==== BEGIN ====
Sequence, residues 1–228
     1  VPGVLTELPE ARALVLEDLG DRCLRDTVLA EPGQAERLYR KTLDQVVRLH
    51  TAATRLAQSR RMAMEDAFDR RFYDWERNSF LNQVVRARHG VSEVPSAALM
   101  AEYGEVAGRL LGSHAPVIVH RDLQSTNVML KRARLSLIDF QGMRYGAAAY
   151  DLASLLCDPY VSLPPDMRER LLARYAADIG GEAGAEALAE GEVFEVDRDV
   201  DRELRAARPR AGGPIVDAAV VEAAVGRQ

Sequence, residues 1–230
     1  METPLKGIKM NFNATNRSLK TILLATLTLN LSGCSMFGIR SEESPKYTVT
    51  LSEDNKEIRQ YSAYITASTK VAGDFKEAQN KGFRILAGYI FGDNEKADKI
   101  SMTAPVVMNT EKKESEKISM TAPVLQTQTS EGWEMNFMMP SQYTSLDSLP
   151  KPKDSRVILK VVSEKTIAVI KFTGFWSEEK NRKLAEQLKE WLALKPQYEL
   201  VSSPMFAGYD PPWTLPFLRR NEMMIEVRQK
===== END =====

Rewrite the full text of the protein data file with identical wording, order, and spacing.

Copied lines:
Sequence, residues 1–228
     1  VPGVLTELPE ARALVLEDLG DRCLRDTVLA EPGQAERLYR KTLDQVVRLH
    51  TAATRLAQSR RMAMEDAFDR RFYDWERNSF LNQVVRARHG VSEVPSAALM
   101  AEYGEVAGRL LGSHAPVIVH RDLQSTNVML KRARLSLIDF QGMRYGAAAY
   151  DLASLLCDPY VSLPPDMRER LLARYAADIG GEAGAEALAE GEVFEVDRDV
   201  DRELRAARPR AGGPIVDAAV VEAAVGRQ

Sequence, residues 1–230
     1  METPLKGIKM NFNATNRSLK TILLATLTLN LSGCSMFGIR SEESPKYTVT
    51  LSEDNKEIRQ YSAYITASTK VAGDFKEAQN KGFRILAGYI FGDNEKADKI
   101  SMTAPVVMNT EKKESEKISM TAPVLQTQTS EGWEMNFMMP SQYTSLDSLP
   151  KPKDSRVILK VVSEKTIAVI KFTGFWSEEK NRKLAEQLKE WLALKPQYEL
   201  VSSPMFAGYD PPWTLPFLRR NEMMIEVRQK